sound practice in action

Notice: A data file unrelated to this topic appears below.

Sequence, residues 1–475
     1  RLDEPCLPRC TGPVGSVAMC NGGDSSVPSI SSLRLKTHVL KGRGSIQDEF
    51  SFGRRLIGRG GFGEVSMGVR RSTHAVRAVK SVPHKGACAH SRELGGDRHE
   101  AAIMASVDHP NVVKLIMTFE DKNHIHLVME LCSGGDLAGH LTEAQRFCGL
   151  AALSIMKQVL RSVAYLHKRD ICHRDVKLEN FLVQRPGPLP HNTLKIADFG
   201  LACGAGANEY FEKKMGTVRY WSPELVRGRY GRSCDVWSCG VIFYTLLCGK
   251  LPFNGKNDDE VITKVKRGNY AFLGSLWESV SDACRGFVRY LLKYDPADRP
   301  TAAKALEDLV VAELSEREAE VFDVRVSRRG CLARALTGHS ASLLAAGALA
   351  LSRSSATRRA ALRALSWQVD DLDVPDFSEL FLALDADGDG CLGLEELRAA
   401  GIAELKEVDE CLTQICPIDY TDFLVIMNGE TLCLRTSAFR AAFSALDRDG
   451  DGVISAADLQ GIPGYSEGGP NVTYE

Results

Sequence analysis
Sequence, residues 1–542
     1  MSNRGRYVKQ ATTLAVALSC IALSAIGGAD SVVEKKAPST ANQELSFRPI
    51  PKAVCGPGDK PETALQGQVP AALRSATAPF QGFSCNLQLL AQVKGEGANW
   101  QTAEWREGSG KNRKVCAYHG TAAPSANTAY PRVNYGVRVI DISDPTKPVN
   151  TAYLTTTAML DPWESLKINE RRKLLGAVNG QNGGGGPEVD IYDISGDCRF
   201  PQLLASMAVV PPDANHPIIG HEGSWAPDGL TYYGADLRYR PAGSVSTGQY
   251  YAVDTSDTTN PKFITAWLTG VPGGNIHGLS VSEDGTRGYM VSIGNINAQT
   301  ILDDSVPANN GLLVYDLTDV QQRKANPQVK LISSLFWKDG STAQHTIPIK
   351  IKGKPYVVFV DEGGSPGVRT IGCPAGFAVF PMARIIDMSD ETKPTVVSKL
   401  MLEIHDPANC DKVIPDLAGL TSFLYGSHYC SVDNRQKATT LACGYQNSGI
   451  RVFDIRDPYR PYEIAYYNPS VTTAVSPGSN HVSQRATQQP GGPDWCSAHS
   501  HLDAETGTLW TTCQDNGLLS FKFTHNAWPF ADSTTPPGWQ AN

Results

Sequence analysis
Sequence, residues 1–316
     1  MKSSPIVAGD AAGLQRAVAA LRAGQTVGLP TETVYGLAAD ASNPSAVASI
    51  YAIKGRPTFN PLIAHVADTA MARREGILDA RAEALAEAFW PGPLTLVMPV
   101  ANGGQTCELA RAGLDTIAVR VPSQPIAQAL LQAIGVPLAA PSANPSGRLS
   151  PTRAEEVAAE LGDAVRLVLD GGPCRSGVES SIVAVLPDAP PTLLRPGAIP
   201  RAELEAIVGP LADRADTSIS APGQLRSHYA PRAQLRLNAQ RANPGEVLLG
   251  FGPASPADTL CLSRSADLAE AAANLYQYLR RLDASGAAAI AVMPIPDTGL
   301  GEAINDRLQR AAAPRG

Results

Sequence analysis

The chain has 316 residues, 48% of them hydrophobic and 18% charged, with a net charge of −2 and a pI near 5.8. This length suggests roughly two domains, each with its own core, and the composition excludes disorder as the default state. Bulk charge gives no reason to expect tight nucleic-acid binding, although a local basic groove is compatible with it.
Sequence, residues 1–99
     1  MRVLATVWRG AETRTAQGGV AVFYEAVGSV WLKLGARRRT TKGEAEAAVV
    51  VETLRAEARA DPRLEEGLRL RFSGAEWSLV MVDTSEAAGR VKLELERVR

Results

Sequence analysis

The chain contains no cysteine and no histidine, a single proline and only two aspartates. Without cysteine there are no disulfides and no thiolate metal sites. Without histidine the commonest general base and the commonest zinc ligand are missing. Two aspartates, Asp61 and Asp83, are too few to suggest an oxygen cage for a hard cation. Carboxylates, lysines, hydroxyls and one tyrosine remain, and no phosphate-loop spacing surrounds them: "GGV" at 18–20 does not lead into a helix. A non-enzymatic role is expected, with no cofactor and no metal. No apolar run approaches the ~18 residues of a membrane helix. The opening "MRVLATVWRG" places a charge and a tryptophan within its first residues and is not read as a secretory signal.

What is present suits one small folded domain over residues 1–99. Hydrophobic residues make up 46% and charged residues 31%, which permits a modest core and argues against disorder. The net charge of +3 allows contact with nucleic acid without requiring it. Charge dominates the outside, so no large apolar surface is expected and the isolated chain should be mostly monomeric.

Children and adolescents with hearing loss are in need of support to foster positive self-concept (Moeller, 2007) and social-emotional development (Stevenson, Kreppner, Pimperton, Worsfold & Kennedy, 2015). Picture books full of positive words on children with (or without) hearing loss who handle conflicting emotions and make the choice to feel good about themselves can be a powerful tool in building self-concept (Anderson, 2013). In this course, the learner will meet Wendy Kupfer, who is the author of “Let’s Hear It for Almigal!” an award winning (Mom’s Choice Awards) book about Almigal, a spunky little girl with a big personality who’s determined to hear “every single sound in the whole entire universe!” Almigal enjoys life (and gets in trouble too!) with her new cochlear implant and her friends whose differences make them shine. Wendy’s family members and life experiences are the inspiration behind Almigal’s story; her daughter, Ali Axelrod, has a bilateral profound hearing loss. Wendy and Ali share their perspectives on Ali’s journey to achieving positive self-concept and feeling of belonging and acceptance in both the hearing and Deaf world. A brief overview of the research on self-concept of children with hearing loss and the value of reading aloud will be presented along with quick tips for parents and professionals. This book is a delightful tool to help children with hearing loss view themselves in a positive way. Examples of how this book can be used to help children develop skills in areas of audition, speech, language, cognition and concepts, communication, and literacy will be presented in the resources.